[whatwg] Low Memory Event

Glenn Maynard glenn at zewt.org
Sat Jan 1 13:43:38 PST 2011

> I'd like to be able to listen for them on the desktop as well.

You need to know a lot about the host system to know what "low memory"
even means.  Does it mean allocations may start failing soon?  Does it
mean we're deep into swap, causing serious performance issues but not
failed allocations?  Even that's hard to define; you can be using a
lot of swap, but it may be for entirely unused, idle background
applications and not indicate memory pressure at all.

This definitely seems useful on mobile platforms, where memory is much
more limited, memory management is much less complex, and being able
to deal reliably with memory limitations is a much more pressing
issue.  But on desktop platforms, even native applications written for
a specific platform run into trouble when they try to respond
"intelligently" to memory pressure, and the vast majority don't try.

On Sat, Jan 1, 2011 at 3:39 PM, Charles Pritchard <chuck at jumis.com> wrote:
> Here are some example implementations; it's up to the vendor, not the spec.
> Tabbed browsing implementation:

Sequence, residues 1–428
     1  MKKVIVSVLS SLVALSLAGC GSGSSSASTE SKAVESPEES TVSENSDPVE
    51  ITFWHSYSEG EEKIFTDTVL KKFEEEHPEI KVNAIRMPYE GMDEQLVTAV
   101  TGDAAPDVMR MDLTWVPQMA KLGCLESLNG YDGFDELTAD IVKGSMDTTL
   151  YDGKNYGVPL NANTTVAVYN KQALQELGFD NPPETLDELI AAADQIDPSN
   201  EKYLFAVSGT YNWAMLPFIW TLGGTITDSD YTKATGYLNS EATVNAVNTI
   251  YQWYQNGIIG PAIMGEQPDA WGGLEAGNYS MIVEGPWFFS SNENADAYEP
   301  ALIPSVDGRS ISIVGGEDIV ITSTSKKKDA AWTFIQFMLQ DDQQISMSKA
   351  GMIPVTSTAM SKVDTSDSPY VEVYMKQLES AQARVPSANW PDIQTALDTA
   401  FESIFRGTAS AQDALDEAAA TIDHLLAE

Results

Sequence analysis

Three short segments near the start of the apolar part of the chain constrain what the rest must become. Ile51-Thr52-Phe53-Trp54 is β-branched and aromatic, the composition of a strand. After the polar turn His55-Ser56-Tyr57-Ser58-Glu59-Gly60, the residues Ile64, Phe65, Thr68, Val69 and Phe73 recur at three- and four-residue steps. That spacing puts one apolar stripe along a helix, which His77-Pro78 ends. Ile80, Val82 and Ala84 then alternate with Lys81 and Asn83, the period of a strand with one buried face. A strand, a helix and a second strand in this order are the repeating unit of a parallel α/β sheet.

> Send a lowmemory event to hidden tabs listening (for lowmemory), that have
> not been visible for more than 60 seconds.
> (This is a partial example, as it doesn't detail when the tabs would be
> checked for visibility. )

An event like this needs to have a consistent meaning to allow
applications to respond meaningfully.  If it has varied meanings--or
if it has attributes to indicate each meaning, but they don't get
implemented in practice, or are too generic and don't accurately
describe the situation on each platform and configuration--then
applications can't respond correctly.

For example, responding to being an idle tab by releasing resources is
the wrong thing to do if there's plenty of memory available.  I have 8
GB of memory and Firefox rarely uses more than 512 MB.  Don't make me
wait for resources to be reloaded (or re-cached, or whatever the
resource is) because they were released "just in case".  I have lots
of memory precisely because I don't want to wait; I want applications
to cache as much as possible.  (The "tab visibility" proposal seems
more appropriate for this particular example, anyway.)

I'm not saying this is impossible, but memory management is
exceptionally complex, varies wildly across platforms, varies wildly
depending on how much memory and swap a system has, and on the
behavior of other applications on the system.  I'd be concerned about
a generic, loosely-defined "lowmemory" event with entirely unrelated
meanings encouraging developers to respond to it in ways that only
happen to make sense on the platform they're testing on.

Glenn Maynard

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